Allan Benton makes some pretty outrageous ham. A god amongst chefs and foodies, Allan’s hams are adored by the likes of Thomas Keller, David Chang, and Sean Brock. And he has an important lesson about business:
After about four or five years, I told my dad one day, “Dad, I’m gonna have to quick-cure these hams. Like everyone else. I’m trying to age these things out a year and they’re selling them cheaper than I can even think about making a ham.”
And Dad looked at me and said, “Son, if you play the other guy’s game, you always lose. Stay with what you know, and sooner or later quality will sustain you in this business.”
I’ve seen so many companies that refuse to learn this lesson, they’re in a tight race to be just like their competition. Companies that have unique qualities, instead of trumpeting them, work to shed them. They’re trying to “win” the same way their competition did. What a terrible mistake.
About a year ago I went to a seminar and I got into a bit of a debate with the host. She felt that the quality of the brand was determined solely by the quality of the experience. For example, she felt that Ryan Air was a bad example of branding because they offer a notoriously bad experience.
I, on the other hand, feel that branding is more nuanced than that. I think that the remarkableness of the brand story is what determines how great a brand is. The brand story that Benton’s Country Hams tells is absolutely perfect for them. They’re presenting themselves as a small, back-woods, artisanal smoker. They have a website that is absolutely terrible, but it fits their story perfectly. A nicer website wouldn’t fit with their brand-story. And look at some stills from the video of their facility:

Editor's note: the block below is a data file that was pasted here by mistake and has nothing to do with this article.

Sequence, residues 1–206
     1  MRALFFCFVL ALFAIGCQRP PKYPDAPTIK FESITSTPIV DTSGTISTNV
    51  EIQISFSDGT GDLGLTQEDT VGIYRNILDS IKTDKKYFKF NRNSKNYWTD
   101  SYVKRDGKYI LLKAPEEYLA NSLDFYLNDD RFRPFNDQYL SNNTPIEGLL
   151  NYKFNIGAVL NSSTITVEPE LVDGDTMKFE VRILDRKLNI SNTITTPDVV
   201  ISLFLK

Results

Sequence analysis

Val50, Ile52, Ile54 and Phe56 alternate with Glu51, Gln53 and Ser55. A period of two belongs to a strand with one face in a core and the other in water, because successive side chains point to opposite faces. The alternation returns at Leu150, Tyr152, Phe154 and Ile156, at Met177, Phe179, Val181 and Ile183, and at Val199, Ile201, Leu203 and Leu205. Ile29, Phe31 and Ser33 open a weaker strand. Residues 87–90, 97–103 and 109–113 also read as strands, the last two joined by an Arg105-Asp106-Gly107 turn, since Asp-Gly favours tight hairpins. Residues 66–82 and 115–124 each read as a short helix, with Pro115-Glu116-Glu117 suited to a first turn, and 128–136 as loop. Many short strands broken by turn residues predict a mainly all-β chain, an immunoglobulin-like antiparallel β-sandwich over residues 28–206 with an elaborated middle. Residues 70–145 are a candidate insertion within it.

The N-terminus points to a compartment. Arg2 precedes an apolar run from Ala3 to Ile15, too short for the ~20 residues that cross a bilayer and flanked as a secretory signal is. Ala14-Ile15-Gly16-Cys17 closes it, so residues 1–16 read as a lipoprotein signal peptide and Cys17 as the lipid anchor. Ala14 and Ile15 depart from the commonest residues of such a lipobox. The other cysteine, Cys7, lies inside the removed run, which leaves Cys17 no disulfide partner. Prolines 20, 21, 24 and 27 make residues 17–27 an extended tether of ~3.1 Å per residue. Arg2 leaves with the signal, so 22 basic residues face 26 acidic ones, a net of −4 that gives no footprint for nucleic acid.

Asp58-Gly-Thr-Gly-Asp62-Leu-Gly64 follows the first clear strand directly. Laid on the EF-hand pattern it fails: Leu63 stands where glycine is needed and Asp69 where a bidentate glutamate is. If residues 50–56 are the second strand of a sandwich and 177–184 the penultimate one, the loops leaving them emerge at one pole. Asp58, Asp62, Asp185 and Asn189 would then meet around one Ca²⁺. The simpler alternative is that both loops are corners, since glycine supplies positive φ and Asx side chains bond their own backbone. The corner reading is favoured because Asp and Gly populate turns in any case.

I can’t imagine being more in love with this brand.
As an exercise in the visual language I asked my self “What if Anonymous went corporate!?” With the group being more and more in the media they could need to button up and streamline their appearance to appear more professional whilst unifying the brand experience.
I’m a couple of years away from being able to use my daughter as a focus group on my work. I wonder how her thoughts would shape my work, and I wonder how my work would shape her thoughts. Video by Ladd-design.com.
From a proposal I recently received from a freelance writer:
Full qualified and certified injury therapist practioner, have experience in report/document writing.
Was honoured when training for my top marks in knowlegde and presentation.
My layout are easy on the eye fro the read so as not scare them away sell what you reading to them.
All content will be original and fully checked for gramma and spelling errors.
if you have anymore question please contact me further
Or this, from the same job (different writer):
I have been a writer for over 3 years. My topics and style varies. depending on the subject which are Copyscape-proofed.
These are pretty stark examples of incongruous messaging. The point of this post isn’t to point and laugh at poor writing (I’ll save that for you’re your Facebook). Rather, it’s to point out an overt example of off-brand messaging: the talk and the walk don’t match up. I think marketers fail in this way all the time.
Even me. I used to have an office in an industrial park. It was clean, simple, and (most importantly) cheap. Most of the business we were doing was with out-of-town clients, so it didn’t matter much. Until we started getting attention from bigger local clients. We’d go through the whole proposal process, up to the point the clients would come to our office. Every time, we’d loose the job after they visited our office. It wasn’t nice enough. Which seems silly, because the “niceness” of our office has no bearing on the quality of our work.
Except that my office was as off-brand as the proposals above. I was running a design studio. Our website was gorgeous. Our collateral was perfect. Our proposals were meticulously crafted. But our office? It screamed “whatever.” The office showed that we didn’t care about that aspect of our presentation. It was off-brand. And when you’re selling branding and aesthetics, those “superficial” things aren’t superficial anymore.